Now sort the items by the rating and organize the items by value in ascending order. Value rises with each item until about two thirds of the way through the auction with the most valuable items sold before the Paddle Raise. Sell lower value items after the Paddle Raise.

    This is the typical lineup of a live auction selling 50 lots with a rating of 4 and 5.

    Catalog Numbers     1 – 3                Lowest value 4’s and 5=s.  

    Catalog Numbers     4 – 18 Value increases      

    Catalog Numbers     19 – 30            Value increases and sell most expensive items sell

    The Paddle Raise

    Catalog Numbers     31 – 50            Sell the balance descending in value

    Now you are ready to print the catalog.

    After the auction, just for fun, compare the sold amounts with the item ratings and see if the ratings matched the results. Knowing what appeals to your buying audience is information that will influence the procurement strategy for future auctions.

    Print Opening Bids in Catalog

    Opening bids send a message to the buying audience that any serious offer, including the Opening Bid will be considered. Low opening bids stimulate bidding activity and high opening bids can create resistance. Of course, a seasoned auctioneer will open much higher than printed catalog bids after the buyers have warmed up and he or she detects greater buying power. 

    List the Value in Catalog

    Listing the item value sets an expectation with bidders and can be a useful bidding tool. Listing items as “Priceless” should only done on items that are truly priceless, meaning not available anywhere at any price. Remember, a tax deduction can only be taken for the amount the buyer pays over fair market value. If a high value is placed on an item, less deduction is afforded to that winning bidder. Be realistic and honest about values.

    Accepting Last Minute Additions Before and During the Live Auction

    Last minute donations can create inventory management and marketing issues and you may not want to accept them. Personally, I think last minute donations are a good thing. You might as well put some procedures in place for accepting late donations before the auction and on auction night and then graciously accept everything. People will get inspired to donate as they walk through the silent auction. Nearly every auction has a donor in the live auction that spikes their package as it is being sold. Appoint one volunteer on the night of the auction to accept last minute additions and prepare the auction clerk to write in the changes and additions. Then make sure that information is given to data entry personnel for entry into the computer in the auction data base.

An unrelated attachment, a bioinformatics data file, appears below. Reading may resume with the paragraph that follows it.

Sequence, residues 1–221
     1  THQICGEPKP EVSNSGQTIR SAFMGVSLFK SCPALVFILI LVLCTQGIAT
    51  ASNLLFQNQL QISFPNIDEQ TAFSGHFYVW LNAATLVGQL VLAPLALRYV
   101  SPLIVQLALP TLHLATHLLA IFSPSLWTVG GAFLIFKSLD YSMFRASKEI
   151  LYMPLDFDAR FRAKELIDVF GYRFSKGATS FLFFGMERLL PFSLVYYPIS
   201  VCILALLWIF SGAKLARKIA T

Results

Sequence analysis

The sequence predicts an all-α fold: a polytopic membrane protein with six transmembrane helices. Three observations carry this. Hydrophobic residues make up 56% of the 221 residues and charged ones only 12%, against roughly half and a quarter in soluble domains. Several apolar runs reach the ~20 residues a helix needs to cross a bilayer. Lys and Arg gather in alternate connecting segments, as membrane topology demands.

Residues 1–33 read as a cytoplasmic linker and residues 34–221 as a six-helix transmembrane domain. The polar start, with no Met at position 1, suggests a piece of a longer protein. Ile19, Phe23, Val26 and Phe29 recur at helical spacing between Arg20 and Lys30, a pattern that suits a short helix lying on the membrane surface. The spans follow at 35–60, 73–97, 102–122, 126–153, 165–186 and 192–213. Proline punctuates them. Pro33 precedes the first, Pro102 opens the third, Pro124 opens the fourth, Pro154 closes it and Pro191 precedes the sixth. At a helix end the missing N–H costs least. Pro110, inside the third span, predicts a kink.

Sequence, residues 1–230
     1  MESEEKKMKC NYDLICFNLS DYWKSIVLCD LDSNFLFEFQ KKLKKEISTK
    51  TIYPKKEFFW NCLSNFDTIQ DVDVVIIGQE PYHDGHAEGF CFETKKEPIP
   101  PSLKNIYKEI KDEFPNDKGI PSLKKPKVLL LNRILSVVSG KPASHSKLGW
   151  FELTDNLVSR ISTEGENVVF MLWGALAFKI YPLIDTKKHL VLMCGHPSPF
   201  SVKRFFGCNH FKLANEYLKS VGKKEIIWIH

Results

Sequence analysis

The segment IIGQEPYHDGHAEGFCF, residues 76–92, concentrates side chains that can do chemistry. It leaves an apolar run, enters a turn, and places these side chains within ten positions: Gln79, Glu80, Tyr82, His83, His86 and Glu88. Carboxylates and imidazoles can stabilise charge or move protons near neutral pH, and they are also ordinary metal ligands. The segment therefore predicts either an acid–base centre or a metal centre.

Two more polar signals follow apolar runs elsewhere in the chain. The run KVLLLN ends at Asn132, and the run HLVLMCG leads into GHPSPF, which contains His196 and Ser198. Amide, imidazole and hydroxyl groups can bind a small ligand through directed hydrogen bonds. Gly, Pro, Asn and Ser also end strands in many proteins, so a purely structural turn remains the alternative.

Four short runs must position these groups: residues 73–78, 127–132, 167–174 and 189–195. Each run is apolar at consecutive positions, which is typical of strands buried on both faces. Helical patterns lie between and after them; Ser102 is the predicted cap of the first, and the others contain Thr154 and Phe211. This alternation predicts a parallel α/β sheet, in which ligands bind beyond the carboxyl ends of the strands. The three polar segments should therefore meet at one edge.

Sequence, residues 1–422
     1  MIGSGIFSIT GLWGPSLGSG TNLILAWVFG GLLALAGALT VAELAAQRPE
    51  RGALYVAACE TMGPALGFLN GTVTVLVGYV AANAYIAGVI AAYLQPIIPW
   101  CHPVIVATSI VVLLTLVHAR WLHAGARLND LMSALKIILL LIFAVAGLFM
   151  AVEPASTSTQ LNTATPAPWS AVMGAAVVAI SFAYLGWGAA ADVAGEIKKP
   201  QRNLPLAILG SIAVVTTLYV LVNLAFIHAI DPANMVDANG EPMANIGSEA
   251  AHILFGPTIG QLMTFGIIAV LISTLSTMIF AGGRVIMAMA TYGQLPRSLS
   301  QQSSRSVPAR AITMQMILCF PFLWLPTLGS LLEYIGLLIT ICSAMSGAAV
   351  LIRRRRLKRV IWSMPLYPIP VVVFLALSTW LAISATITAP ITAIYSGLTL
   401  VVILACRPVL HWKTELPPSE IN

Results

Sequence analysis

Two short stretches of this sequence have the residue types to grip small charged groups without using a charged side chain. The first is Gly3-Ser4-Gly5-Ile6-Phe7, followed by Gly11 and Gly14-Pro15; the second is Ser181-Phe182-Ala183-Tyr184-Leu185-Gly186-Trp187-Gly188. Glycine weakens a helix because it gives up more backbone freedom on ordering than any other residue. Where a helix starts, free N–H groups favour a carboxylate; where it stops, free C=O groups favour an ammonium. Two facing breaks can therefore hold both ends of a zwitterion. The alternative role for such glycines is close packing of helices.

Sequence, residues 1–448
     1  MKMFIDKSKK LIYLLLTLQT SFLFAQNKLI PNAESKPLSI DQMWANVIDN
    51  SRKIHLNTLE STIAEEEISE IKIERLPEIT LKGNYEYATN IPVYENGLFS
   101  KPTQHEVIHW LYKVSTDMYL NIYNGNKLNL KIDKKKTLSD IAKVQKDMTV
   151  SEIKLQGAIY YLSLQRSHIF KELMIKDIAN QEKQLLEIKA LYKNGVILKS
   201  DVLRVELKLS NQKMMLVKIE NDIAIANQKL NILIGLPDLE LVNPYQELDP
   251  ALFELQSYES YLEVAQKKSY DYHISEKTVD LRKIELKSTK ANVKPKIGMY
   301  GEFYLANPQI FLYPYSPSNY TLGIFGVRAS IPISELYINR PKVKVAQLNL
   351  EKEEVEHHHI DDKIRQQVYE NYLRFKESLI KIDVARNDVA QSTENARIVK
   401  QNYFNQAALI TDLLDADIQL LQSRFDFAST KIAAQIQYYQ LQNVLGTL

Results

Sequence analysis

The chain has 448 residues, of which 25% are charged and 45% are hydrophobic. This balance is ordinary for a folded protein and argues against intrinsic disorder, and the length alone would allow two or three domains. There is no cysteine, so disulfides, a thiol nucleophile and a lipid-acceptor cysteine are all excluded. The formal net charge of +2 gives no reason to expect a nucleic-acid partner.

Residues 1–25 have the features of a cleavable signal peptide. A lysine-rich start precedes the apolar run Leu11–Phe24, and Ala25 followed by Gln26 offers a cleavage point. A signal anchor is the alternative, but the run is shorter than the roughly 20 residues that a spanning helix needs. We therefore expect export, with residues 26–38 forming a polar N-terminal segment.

I once sold a package donated by the world famous Wolfgang Puck. Wolfgang actually catered the dinner and attended the auction. Many of his friends were at the auction, some from his native country of Austria. Wolfgang’s donation was a private culinary feast at Spago’s in Los Angeles and included a stay at the Beverly Wilshire and limousine service. As I was selling this amazing donation, one friend added a box of cigars a private smoke with Arnold Schwarzenegger at the Havana Club.  One can only surmise that this package was pretty tricky to redeem. Spontaneous add-ons can be a real hassle to verify and arrange. The bid recorder must listen and record the add-ons and the auction chair will need to record and relay the contacts for further clarification before those add-ons can be redeemed.

    Staging and Layout of the Live Arena

    The live auction arena is cross between retail selling and a theater production. Every activity and person in the live auction arena has the ability to influence a bidder and the overall feeling of the auction. Few have greater influence than the auctioneer. Discuss the arena very carefully with the auctioneer and any other performers that will be sharing that space. The staging must be simple and safe and facilitate the sale of items and recognize donors and advertisers and relay the organization’s mission.  It is up to the auction organizers to identify the venue’s limitations and compensate with sound, displays, lighting, signage and safe pathways to and from the action. Take charge and create a schematic with written instructions for the venue personnel.

    How Long is Too Long?